He said he liked the new design – the old building layout was outmoded. He clarified that the proposed playground is technically a public one, then questioned how the public would know that, given that there’s no sidewalk planned from Pauline to the playground. Would there be signs?
Chris Cheng of the city’s planning staff said they expected the playground to be used mostly by residents, and that they hadn’t discussed signs or a sidewalk. Erica Briggs concurred with Westphal that it would be more inviting to the general public if a sidewalk were installed from Pauline. Carlberg observed that people would end up creating a path themselves, so Avalon might as well put one in where they wanted it.
Briggs also asked about the neighboring park, noting that in the summary of comments from the community/resident meetings that Avalon held, some people had noted that they didn’t find it safe, and that there are flooding problems there. Cheng said they’ve talked with parks staff about improving the paths in Fritz Park, but it’s not connected with the site plan.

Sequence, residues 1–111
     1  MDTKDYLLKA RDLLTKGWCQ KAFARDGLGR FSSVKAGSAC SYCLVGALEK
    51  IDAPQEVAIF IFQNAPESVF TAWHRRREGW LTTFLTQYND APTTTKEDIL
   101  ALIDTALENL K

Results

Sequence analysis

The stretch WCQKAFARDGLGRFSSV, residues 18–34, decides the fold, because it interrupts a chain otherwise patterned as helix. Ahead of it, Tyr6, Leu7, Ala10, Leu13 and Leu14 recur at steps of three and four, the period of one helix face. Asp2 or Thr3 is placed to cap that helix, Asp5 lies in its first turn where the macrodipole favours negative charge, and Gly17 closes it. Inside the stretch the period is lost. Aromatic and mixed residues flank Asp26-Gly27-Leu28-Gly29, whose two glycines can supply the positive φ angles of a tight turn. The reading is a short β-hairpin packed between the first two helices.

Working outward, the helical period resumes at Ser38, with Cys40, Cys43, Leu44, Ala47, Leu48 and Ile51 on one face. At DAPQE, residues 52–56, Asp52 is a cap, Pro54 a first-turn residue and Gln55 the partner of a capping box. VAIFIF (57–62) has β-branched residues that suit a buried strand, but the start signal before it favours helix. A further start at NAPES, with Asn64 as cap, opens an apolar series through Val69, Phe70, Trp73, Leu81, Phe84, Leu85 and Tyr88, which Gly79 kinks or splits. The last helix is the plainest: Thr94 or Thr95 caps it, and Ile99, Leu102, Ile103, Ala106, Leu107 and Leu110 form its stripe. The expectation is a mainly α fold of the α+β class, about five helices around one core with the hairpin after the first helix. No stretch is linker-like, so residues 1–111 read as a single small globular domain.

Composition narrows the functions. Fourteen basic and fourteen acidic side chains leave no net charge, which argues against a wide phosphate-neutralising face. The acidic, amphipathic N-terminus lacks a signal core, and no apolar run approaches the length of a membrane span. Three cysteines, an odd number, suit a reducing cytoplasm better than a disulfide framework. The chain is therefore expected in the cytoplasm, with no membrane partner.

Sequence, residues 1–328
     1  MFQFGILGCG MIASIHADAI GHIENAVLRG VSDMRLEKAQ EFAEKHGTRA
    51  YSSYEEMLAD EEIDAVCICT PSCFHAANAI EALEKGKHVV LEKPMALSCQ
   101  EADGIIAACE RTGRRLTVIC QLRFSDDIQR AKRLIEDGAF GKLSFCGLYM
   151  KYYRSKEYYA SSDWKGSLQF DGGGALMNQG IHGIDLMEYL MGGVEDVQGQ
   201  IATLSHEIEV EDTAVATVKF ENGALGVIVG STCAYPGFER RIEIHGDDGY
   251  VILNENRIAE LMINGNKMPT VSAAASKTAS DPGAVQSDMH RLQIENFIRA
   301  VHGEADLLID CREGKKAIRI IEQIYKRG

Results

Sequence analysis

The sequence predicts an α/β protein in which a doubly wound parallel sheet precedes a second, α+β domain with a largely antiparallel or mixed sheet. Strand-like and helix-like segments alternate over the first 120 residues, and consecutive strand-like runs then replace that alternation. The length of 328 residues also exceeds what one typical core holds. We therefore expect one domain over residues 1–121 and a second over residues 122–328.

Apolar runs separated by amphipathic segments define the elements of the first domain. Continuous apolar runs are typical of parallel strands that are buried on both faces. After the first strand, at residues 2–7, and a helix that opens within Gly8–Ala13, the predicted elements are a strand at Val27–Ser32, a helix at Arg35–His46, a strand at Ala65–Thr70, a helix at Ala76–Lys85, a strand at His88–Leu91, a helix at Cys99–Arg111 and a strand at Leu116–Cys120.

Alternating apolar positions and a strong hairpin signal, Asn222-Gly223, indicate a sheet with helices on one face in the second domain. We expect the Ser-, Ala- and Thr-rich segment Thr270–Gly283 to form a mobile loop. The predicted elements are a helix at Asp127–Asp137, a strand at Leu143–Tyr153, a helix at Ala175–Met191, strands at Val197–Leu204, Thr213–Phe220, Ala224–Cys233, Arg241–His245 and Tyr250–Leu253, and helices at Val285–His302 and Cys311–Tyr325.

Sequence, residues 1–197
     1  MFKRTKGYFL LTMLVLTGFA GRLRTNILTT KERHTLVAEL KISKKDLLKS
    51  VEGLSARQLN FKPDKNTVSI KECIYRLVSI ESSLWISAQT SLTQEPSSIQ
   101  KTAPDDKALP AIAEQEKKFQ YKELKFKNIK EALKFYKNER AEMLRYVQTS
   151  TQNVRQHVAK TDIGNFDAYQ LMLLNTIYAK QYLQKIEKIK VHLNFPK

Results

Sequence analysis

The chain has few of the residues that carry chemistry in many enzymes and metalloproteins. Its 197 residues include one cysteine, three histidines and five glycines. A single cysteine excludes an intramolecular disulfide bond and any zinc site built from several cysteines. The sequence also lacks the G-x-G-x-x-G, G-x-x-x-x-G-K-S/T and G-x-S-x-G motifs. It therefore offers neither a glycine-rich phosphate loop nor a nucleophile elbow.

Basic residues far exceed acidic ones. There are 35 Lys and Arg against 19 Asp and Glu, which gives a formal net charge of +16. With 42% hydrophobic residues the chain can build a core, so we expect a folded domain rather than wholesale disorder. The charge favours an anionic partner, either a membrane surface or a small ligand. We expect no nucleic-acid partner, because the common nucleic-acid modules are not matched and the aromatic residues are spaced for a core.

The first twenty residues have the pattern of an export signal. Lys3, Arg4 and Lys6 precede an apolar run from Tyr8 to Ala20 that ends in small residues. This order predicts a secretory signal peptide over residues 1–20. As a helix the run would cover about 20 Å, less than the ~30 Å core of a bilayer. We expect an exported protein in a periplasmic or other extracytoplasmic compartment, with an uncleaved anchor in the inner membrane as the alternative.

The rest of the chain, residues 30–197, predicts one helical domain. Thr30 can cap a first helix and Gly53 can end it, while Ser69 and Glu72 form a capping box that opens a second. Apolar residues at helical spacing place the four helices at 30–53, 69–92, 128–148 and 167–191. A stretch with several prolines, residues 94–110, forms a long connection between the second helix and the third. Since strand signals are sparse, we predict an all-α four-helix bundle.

Briggs then asked Avalon to clarify the difference between affordable housing and supportive housing. Wendy Carty-Saxon explained that 35% of the units in the new project would be set aside for supportive housing, with Avalon providing services to tenants, depending on their needs. Often they end up reaching out to other tenants as well, she said. When Briggs began to pursue that line of questioning, Eric Mahler – the planning commission chair – cut her off, noting that they needed to focus their deliberations on issues related to the site plan.
Diane Giannola said she supported the project, and that it would be a benefit to the neighborhood.